After reading last week about how Microsoft is extending the life of Windows XP due to the slow adoption rate of Windows Vista, it dawned on me that the mad excitement over the initial launch of Vista was nowhere close to what it was for Windows 95, 98, and XP. Has Microsoft lost its OS innovation or has it simply reached a point where it is as good as it gets? Outside of the great new graphical interface, I personally have no need to upgrade to Vista. Actually, I am running a product called WindowBlinds 6 that has a XP theme that is spot-on! There are no killer apps that are egging me on to hop on the Vista train, and I know that many of the USB peripherals and software that I current use on XP will not function under Vista.
So what about Apple? Outside of having an iPod and the iPhone, I have never been a huge fan of the Apple Mac OS X operating system. That is most likely because I’ve always been a PC guy and all of my skills revolve around Windows and PC hardware. In recent years the Mac has adopted PC hardware, such as Intel chips, and many USB devices work with both Mac and PC. Earlier this year I bought a Mac Mini purely for doing native Safari browser testing and Yahoo! Widget development. This was my first Apple computer since my Apple ][+ days. My initial thought was that the UI was cool as hell and very easy to use. I got the low-end Mac Mini (512MB RAM) and hooked it up with the Apple wireless mouse and keyboard, using the VGA mode on my DELL monitor to view it.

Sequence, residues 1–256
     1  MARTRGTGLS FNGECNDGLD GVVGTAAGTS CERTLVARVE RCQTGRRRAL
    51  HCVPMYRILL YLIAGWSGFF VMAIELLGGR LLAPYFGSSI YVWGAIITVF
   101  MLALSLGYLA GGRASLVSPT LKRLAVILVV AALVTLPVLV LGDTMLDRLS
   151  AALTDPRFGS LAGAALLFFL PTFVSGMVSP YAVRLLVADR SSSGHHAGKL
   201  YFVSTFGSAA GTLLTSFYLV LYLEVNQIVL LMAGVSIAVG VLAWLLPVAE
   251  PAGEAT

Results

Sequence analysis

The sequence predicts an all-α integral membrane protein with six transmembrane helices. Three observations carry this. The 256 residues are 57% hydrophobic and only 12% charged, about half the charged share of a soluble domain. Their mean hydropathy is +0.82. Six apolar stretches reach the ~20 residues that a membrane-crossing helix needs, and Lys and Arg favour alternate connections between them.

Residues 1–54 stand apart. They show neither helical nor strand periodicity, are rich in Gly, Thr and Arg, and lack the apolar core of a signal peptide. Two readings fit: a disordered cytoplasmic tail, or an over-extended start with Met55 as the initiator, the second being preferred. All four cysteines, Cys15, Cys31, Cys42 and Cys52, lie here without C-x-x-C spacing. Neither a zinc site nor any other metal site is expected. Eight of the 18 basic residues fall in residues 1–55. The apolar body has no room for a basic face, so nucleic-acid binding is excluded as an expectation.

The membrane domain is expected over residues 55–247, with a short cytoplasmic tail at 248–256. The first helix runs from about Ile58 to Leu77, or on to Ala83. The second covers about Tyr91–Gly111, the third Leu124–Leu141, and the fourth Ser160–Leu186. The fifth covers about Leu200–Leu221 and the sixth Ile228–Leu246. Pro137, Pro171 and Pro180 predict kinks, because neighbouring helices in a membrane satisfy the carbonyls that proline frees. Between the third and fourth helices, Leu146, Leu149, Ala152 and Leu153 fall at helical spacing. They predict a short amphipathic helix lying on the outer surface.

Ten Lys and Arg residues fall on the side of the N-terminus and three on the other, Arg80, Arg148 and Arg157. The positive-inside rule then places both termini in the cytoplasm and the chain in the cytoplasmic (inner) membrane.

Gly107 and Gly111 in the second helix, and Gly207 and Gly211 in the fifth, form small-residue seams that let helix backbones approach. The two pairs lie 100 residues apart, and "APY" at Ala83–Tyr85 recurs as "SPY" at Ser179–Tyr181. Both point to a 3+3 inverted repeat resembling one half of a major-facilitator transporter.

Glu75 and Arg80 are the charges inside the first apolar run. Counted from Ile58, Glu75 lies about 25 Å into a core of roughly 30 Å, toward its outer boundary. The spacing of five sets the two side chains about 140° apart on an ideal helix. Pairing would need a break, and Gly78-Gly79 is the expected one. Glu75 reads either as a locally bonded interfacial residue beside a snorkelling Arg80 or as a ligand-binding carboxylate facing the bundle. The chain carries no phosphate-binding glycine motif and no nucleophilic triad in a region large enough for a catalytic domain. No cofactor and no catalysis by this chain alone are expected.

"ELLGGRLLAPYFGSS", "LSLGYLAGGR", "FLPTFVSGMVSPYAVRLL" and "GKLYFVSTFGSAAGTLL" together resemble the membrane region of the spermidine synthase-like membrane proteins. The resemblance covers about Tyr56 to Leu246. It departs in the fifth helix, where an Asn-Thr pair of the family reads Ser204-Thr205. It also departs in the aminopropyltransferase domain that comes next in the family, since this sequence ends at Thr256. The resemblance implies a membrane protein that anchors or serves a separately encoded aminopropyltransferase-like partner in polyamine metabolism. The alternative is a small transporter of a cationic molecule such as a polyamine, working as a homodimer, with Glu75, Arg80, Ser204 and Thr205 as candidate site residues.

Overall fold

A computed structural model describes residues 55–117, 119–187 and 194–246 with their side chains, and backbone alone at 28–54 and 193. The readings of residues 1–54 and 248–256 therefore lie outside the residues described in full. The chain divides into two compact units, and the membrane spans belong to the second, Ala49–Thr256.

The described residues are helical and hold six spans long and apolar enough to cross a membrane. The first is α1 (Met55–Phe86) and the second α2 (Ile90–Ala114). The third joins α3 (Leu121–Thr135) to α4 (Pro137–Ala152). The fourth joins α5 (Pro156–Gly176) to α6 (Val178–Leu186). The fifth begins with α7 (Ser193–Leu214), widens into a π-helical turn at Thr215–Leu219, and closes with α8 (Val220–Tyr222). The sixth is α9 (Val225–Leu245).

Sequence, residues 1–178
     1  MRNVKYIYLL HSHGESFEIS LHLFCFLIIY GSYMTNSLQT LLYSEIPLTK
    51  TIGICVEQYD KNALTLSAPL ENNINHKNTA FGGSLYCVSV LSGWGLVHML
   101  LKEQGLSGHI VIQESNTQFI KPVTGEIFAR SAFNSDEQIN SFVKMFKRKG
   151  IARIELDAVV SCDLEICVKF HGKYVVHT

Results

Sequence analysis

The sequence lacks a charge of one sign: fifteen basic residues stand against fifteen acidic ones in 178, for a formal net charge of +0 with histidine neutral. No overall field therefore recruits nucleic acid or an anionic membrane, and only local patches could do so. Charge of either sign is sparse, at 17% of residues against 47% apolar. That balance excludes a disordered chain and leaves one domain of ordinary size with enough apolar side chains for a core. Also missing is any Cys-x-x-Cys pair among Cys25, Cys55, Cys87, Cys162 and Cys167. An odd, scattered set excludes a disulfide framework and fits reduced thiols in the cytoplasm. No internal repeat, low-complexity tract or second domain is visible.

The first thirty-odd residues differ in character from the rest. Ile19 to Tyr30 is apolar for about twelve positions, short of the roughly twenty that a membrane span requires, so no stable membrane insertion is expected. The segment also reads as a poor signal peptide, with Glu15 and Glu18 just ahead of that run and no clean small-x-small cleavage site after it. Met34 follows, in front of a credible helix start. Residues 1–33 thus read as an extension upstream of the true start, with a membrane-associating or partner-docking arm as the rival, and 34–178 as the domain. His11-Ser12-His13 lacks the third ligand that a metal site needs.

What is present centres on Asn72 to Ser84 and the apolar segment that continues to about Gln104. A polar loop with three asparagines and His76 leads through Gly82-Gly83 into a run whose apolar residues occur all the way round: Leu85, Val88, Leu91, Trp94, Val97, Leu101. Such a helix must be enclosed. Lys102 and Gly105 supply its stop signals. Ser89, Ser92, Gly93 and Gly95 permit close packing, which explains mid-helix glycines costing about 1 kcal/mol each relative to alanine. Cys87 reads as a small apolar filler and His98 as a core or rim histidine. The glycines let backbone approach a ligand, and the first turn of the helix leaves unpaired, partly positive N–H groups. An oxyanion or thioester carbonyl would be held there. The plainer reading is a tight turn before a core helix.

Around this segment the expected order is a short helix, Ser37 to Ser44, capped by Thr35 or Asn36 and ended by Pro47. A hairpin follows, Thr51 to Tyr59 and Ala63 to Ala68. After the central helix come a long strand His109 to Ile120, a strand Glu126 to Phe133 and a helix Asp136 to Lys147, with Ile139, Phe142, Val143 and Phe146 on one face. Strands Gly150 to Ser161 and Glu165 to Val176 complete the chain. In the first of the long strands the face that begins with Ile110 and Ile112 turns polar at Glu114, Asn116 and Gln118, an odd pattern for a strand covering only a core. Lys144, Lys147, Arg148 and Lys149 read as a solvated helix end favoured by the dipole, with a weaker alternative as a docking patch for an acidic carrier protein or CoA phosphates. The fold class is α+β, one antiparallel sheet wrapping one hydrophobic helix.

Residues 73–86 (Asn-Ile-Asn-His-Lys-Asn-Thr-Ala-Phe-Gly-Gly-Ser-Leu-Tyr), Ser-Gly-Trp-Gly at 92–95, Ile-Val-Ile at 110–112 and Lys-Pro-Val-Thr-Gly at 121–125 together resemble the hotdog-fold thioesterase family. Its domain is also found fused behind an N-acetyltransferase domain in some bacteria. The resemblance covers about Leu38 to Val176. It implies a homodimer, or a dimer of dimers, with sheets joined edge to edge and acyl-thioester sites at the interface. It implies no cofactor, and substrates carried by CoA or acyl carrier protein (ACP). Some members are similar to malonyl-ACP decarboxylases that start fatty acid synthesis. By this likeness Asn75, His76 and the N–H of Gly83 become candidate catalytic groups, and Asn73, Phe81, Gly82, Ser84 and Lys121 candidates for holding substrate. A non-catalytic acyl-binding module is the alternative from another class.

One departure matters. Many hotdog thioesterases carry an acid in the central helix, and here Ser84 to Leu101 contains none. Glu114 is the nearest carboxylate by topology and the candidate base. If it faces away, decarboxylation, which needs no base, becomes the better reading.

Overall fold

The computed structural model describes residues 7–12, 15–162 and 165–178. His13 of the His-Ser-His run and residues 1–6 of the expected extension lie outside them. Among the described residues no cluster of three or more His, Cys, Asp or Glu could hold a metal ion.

This all led me to think… why not give the Apple Mac a run for its money? I can use the same keyboard/mouse monitor and most of the apps I use work on both platforms.
So next week is Mac Week for me. I’m giving the Apple Mac a week-long test to see if it can do everything I do on a daily basis with my PC.
Hardware: this week, in preparation for Mac Week, I upgraded my Mac Mini from 512MB RAM to 2GB. What a huge difference that has made. And you already know about my keyboard so I won’t get into that again. The good thing there is that I’m now used to the Apple keyboard on XP so switching over to the Mac won’t be an issue from the input device side of things.
Software: I’ve got the essentials already installed (Dreamweaver, Photoshop, Firefox, and Skype). I thought I was going to be screwed with Remote Desktop, which I use constantly to access Windows servers for work. Much to my surprise, Microsoft actually has a Mac Remote Desktop client and you know what? It works better than the Windows version! Go figure! While I’d like to try out the native Mac email client, I will probably stick with Thunderbird so I can just copy my mail files over and not be interrupted.
I’ll document my week in a separate article, updating it as I go along.